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Standing together against hate crime

A statement by the Board of Trustees of the Inter Faith Network for the UK issued during National Hate Crime Awareness Week 2023. Includes reference to impacts in the UK of the 7 October Hamas terrorist attacks on Israel and the subsequent Israel/Hamas war

20 October 2023

This is National Hate Crime Awareness Week. The 2023 Week comes soon after release of Government hate crime figures for 2022-23 which show a 9% increase in England and Wales in reported hate incidents linked to religious identity. Comparable figures published for Scotland reflect an 8% increase.

We urge the reporting of incidents to the police or through relevant third party organisations such as the Community Security Trust (antisemitic incidents); Tell MAMA (anti Muslim hate incidents); and Sikh Guard. Vital in tackling hate crime is rapid and effective response from the police and, where cases are pursued, by the courts. Important, too, are educational and restorative justice programmes and also grant schemes such as those which provide funding for security of places of worship and faith community centres.

It is also vital that faith communities support each other where the safety of each other’s places of worship and premises or the safety of their members may be threatened. In the words of the title of IFN’s guidance, Looking after one another: The safety and security of our faith communities, “An attack on one is an attack on all”.

We recognise that at the present time there are even higher than usual levels of anxiety and concern about community safety. Following the current impact on UK communities of terrorism, conflict and suffering in Israel and Gaza  there has been a very sharp increase in anti-Muslim hate incidents and antisemitic hate incidents reported to Tell MAMA, the Community Security Trust and the Police, as well as concern about targeting of individuals due to mistaken identity.  

As Looking after one another emphasises, working locally for positive inter faith relations and building and sustaining networks of trust provides a strong basis for preventing hate incidents and responding to them.  In recent days, that local strength of connection has been manifest in a number of prayer events and statements, such as those made by faith leaders in Bradford, Manchester and Nottingham, which call on people to hold fast to long established relationships of trust.

As well as responding through reporting hate incidents and raised security, it is vital that we stand together and respond in solidarity where people would seek to divide through inflammatory rhetoric or intimidation.

Views on situations and actions in the UK and internationally may differ (indeed may differ profoundly, with people deeply affected by events); what cannot and must not waiver is our commitment as people of different faiths in the UK to maintaining a safe environment for our lives together and to sustaining and continuing to develop relationships of trust and respect.

A statement by the Board of Trustees of the Inter Faith Network for the UK



  1. Media queries to the Inter Faith Network: email  
  2. This statement can be found at and a copy of IFN’s statement making policy at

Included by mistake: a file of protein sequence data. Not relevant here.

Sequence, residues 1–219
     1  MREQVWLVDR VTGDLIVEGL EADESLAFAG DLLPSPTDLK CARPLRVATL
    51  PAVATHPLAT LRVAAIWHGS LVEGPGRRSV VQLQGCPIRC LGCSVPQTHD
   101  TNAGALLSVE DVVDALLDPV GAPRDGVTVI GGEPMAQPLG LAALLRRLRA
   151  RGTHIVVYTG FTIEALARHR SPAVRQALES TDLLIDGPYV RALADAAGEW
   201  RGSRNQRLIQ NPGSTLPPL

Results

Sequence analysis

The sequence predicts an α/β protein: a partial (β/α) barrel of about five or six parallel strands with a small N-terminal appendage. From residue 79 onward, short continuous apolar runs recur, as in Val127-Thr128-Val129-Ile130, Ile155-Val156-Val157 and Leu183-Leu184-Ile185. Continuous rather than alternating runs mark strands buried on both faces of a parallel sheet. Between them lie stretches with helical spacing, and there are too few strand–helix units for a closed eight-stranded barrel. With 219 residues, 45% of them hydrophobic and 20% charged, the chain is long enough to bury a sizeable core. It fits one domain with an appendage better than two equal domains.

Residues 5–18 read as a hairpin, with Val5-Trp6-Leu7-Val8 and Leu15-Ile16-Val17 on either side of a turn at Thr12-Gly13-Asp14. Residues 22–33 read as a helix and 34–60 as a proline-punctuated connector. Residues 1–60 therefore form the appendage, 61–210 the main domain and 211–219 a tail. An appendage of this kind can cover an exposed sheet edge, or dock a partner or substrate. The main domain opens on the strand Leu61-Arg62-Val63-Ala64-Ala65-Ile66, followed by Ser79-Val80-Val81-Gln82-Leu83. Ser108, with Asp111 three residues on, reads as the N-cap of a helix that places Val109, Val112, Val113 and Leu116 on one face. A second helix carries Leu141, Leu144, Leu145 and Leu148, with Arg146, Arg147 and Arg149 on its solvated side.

3. Looking After One Another, the Safety and Security of Our Faith Communities – published by IFN in partnership with: the Department for Levelling Up, Housing and Communities; the Home Office; the Crown Prosecution Service; the Equality and Human Rights Commission; the National Police Chiefs’ Council and the National Fire Chiefs’ Council. (Updated 2023)
  4. In England and Wales in the year ending March 2023, where the perceived religion of the victim was recorded, 2 in 5 (39%) of religious hate crime offences were targeted against Muslims (3,452 offences). The next most commonly targeted group were Jewish people, who were targeted in around 1 in 6 (17%) of religious hate crimes (1,510 offences). In Scotland there were 576 charges with a religious aggravation reported in 2022-23, 8% more than in 2021-22. Hate Crime in Scotland 2022-23 | COPFS Hate crime statistics for Northern Ireland are published quarterly by the Police Service of Northern Ireland. 
  5. The Community Security Trust reported on 18 October that in the ten days from 7 October and 18 October, it had recorded at least 457 antisemitic incidents across the UK - this is the highest ever total reported to CST across a twelve-day period since CST began recording antisemitic incidents since 1984.
  6. Between October 7 and October 19, Tell MAMA recorded 291 cases of anti-Muslim hate – a six-fold increase from the same period in 2022.      
  7. Report hate crimes and incidents online through True Vision or via 3rd parties eg those listed below; at a police station; or by ringing the police on 101 (non-emergency) or 999 (emergency).  True Vision:  Community Security Trust:  Tell MAMA: Sikh Guard: Stop Hate UK:
  8. The National Counter Terrorism Security Office provides resources to assist places of worship on security at and advice on staying safe from terrorism can be found at
  9. National Hate Crime Awareness Week takes place each October. Further information about it can be found at
  10. The Inter Faith Network for the UK was founded in 1987 to advance public knowledge and mutual understanding of the teachings, traditions and practices of the different faith communities in Britain and to promote good relations between people of different faiths in this country. It works with its member bodies and others to carry out these aims. IFN links in membership: national faith community representative bodies; national, regional and local inter faith bodies; and academic institutions and educational bodies concerned with inter faith issues.